Phil Beer def. Adam Rogers 3-0

Shaun Mortyne def. Margaret Tapscot 3-0

Jo Treasure def. Jill Dunk 3-1

Jo Treasure continues to improve in her comeback, and was able to finish on top of Jill.

In one of the matches of the week, Adam finished strongly over Monica to win by a point, 66-65. Well played Adam and Monica.

Snapper def. Dory 3-1

Bruce Rowston def. Mark Adams 3-2

Michael Howarth def. Alex Rowston 3-1

Matthew Rowston def. Nicky Savage 3-1

The match between Mark and Bruce was another classic five set match which included three long games, with Bruce just holding on to win the deciding game.

Matthew Rowston looks a promising player. He scored a narrow win over Nicky.

Carp def. Pike 4-0

Lawrence Hughes def. Pat Charnock 3-0

Brian Howarth def. Kate Lewis 3-2

Josh Dunk def. Don Garling 3-0

Sarah Bryant def. Lillee Felton 3-1

Josh Dunk is another very promising junior player in the club and it won’t be long before he is playing in higher divisions.

Sarah Bryant has made a good start to the competition and is another player to watch.

Tip of the week

Always watch the ball, both when you are playing a shot and when your opponent is playing a shot.

Also, watch your opponent as they play their shot, which can help give you an early idea of the type of shot they might play.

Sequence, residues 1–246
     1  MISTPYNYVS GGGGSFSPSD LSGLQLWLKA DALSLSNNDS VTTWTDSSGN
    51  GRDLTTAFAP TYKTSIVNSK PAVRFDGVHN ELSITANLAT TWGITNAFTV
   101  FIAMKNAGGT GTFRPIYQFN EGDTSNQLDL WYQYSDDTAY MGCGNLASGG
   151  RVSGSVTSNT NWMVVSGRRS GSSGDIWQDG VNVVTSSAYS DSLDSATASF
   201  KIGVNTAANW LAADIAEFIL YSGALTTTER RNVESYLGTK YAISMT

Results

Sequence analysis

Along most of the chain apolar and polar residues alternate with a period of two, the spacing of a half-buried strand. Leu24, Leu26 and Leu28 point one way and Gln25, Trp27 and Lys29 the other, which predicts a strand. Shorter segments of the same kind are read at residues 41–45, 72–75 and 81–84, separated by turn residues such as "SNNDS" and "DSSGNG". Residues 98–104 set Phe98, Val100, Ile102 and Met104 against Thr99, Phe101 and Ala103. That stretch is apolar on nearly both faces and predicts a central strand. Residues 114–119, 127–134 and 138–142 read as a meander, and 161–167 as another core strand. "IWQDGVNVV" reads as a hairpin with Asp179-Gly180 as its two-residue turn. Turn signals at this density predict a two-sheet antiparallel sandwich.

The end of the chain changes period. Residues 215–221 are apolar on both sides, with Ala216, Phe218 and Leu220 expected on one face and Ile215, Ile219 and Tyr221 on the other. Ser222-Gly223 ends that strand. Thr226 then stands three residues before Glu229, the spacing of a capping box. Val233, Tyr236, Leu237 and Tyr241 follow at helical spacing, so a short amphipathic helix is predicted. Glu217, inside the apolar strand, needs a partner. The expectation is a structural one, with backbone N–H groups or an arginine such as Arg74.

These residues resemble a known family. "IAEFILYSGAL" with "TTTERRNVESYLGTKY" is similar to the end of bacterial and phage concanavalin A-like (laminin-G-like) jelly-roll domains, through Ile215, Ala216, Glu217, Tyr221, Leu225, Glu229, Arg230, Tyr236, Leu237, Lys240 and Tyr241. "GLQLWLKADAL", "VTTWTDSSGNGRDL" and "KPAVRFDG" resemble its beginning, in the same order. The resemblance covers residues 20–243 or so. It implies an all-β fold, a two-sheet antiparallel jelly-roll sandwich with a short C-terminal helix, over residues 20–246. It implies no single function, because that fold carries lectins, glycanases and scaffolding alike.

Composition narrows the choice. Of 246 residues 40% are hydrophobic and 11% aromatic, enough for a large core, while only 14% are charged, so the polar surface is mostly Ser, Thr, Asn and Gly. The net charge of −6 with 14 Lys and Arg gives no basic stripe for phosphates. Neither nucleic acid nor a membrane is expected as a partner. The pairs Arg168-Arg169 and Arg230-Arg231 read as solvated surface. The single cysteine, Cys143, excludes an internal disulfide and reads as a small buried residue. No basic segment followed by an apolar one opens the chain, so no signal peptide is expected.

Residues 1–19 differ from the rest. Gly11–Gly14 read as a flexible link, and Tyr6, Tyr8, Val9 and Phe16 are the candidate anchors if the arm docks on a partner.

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Competitors show their True Grit

On Saturday, August 23, ten members of Cowra Health Club travelled down to Lower Portland, Sydney, to compete in the True Grit Challenge.
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The team feeling strong prior to the event.

The 10km course contained thirty military style obstacles, aimed at challenging competitor’s strength, determination, agility and endurance.

The group went to the event alongside the club’s fitness instructor, Jo Graham.

“I am really proud of everyone who took part,” she said.

“By completing the course they achieved a goal we have been working toward for the last ten weeks.”

Obstacles included rope climbs, barb-wire crawls, monkey bars, and negotiating the muddy mile, a mile of thick waist-high mud.

The club members stuck together throughout the event, helping each other with the obstacles and providing moral support.

Each person was covered from head to toe with mud after the event, some, more than others.

“It took a few showers to get rid of all the Mud,” Mrs Graham said.

Mud logged and exhausted, but still smiling.

“And some of the clothes were definitely write offs.”

The team started and finished with smiles on their faces.

“I will keep my eye out on upcoming events, a gauge people’s interest,” she said.

True Grit is held in various locations across Australia, and appears in Sydney annually.